A March 9, 1966, report by the now-defunct Kolkata-daily, the Hindustan Standard, quoted Prime Minister Indira Gandhi as saying that the fighter jets had been sent in to airdrop men and supplies, not bombs. But the question was, why would anyone deploy fighter jets to drop rations?
Since 2008, Mizoram has observed March 5 as Zoram Ni or Zoram Day. The idea is to revive the idea of self-determination and instil the importance of sacrifice among the younger generation. “Self-determination is our birthright,” said Malsawma, a member of the Zo-Reunification Organisation or ZORO. “We cannot allow our land and peoples to be divided in India, Bangladesh and Burma [Myanmar] in the name of democracy, a republic or anything else. Our resolution remains that we are united as one people in our own land. Not the Britishers’ land, not Indian land, but in Zo-land”.
Zamawia, another ZORO member, said he strongly believed that the Mizos right to self-determination was unquestionably attached to Zo nationalism.
The bombing helped strengthen Zo nationalism said Zarzosanga, a Mizo scholar. “The bombing of Aizawl did not deter or detach the heart of Zo nationalism,” he said. “Instead it makes Zo nationalism more evident and alive and outside the interest and understanding of Indian nationalism. The bomb actually othered the Mizos from India and Indians. The blunder made by the government of India with its decision to bomb Aizawl was an affirmation and acknowledgment of Mizo nationalism."
Marked as the ‘other’
The bombing may have managed to crush the Mizo uprising but it also helped usher in two more decades of insurgency. Following the bombing, the Union government implemented what it termed the “regrouping of villages” in which thousands of Mizos deep in the hills and hamlets of what is now Mizoram were forcefully displaced – their homes and villages burned – and relocated in centres along an arterial highway under armed guard ostensibly so that the Indian state could keep an eye on them.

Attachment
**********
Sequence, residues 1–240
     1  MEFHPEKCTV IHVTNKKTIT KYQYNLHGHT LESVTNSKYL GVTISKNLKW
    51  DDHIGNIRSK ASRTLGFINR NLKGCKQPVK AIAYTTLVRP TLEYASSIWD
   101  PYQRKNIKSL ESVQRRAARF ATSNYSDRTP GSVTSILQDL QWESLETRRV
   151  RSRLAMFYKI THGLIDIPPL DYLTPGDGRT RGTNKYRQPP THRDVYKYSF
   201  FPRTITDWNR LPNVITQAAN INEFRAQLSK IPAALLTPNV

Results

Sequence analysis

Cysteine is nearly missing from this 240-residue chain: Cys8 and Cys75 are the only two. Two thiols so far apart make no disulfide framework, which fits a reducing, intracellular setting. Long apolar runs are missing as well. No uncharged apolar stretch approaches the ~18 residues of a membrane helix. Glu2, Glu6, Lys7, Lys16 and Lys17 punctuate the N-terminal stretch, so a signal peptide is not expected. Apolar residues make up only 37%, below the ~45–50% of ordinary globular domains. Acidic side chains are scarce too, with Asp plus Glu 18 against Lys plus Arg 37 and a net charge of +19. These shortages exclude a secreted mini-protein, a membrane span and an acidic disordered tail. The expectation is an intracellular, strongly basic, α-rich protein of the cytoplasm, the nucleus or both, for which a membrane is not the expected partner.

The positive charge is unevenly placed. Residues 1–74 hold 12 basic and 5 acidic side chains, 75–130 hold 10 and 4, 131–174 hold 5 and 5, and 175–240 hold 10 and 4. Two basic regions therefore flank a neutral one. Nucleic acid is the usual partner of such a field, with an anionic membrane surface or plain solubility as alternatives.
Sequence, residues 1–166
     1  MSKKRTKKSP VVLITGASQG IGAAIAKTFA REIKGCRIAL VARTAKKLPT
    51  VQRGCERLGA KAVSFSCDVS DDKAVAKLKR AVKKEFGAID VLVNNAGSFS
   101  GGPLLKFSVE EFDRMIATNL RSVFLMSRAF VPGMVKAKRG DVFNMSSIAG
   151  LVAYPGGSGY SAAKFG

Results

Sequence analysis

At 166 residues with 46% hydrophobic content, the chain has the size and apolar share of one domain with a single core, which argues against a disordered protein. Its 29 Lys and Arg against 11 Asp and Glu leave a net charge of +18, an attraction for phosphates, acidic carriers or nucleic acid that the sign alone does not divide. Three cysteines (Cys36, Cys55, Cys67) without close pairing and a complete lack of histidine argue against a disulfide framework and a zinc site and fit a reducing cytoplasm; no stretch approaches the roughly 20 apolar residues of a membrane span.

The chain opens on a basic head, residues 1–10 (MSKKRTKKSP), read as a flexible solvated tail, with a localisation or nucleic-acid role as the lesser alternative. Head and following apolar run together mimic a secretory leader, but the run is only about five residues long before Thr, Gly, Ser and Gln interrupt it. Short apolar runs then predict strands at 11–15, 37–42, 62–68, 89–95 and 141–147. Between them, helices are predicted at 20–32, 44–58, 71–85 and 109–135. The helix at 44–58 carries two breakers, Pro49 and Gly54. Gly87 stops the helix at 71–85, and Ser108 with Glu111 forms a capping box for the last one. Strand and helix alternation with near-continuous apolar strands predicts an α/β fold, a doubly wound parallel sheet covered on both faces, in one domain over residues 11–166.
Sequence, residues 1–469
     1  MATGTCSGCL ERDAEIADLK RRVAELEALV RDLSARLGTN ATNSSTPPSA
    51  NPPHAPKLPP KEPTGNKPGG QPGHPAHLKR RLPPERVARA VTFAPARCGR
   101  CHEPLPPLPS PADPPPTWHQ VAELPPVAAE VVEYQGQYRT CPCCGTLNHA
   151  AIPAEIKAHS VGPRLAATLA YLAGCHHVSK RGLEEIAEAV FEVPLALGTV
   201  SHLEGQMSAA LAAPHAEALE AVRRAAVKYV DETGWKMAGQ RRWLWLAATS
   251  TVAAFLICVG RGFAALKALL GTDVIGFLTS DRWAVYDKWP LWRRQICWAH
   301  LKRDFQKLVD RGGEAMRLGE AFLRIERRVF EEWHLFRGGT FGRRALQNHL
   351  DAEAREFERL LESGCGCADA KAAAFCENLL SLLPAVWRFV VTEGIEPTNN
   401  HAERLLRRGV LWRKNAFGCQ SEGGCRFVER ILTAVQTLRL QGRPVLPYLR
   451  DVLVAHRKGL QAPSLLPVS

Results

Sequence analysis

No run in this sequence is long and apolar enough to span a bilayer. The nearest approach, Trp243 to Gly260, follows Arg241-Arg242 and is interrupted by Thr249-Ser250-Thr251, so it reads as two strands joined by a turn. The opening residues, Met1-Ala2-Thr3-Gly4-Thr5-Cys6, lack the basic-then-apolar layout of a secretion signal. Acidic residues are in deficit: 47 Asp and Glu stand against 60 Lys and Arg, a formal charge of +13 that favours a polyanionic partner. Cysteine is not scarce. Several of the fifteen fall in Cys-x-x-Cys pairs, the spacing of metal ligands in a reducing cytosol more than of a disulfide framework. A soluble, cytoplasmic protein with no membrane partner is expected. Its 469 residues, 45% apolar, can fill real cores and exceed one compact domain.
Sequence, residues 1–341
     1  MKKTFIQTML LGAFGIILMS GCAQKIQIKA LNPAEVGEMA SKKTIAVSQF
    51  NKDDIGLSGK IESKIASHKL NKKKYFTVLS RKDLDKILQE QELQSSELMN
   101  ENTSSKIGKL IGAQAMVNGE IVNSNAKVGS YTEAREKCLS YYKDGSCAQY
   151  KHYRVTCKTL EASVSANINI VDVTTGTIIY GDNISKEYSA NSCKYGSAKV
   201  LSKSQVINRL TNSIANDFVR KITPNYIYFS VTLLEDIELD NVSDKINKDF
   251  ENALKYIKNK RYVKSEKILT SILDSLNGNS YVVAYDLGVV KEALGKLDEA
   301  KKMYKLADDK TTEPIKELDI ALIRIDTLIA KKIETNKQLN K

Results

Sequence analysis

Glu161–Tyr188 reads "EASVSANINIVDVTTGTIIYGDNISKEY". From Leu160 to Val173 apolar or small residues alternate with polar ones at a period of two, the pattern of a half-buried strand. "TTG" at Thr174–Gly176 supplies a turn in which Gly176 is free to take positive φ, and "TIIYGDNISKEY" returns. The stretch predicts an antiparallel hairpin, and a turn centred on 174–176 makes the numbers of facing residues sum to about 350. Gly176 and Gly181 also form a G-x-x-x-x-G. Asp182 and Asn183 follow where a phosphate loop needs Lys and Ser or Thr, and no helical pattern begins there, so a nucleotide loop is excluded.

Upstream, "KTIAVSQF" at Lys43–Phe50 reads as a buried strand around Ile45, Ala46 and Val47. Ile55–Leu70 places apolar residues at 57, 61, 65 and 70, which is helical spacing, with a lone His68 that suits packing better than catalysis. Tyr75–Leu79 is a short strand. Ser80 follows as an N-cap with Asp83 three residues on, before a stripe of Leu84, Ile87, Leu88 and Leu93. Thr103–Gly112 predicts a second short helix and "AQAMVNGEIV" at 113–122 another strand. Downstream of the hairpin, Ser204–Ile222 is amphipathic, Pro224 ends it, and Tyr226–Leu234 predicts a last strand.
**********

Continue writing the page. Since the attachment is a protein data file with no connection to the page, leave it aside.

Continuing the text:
Though the state of Mizoram was formed in 1987 after the Union government and the Mizo National Front signed the Mizoram Peace Accord, today, Zo nationalism – an ideological formulation of Zo peoples fragmented by the process of decolonisation and spread across India, Myanmar and Bangladesh – continues to assert itself.
“The horror of that day still haunts every Mizo,” said Lalremruata, a progressive member of the Zo-Reunification Organisation. “But the positive aspect is that it inspires us to secure Zo nationalism, which is already crossing national boundaries”.
For the Mizos, Aizawl is the heart of their identity and belonging. During the fight for Indian Independence, Mizos had been left on the periphery. The bombing of Aizawl to secure the Indian nation state further paralysed the Mizos from sharing in the notion of Indian nationalism. The excessive action simply helped to cement the feeling of otherness within the Mizos vis-à-vis the rest of India.
Was that the only option available to the Union government at the time? Whatever the answer, it was clearly the military and political weapon used to assert mainland India’s dominance over the Mizos.
Corrections and clarifications: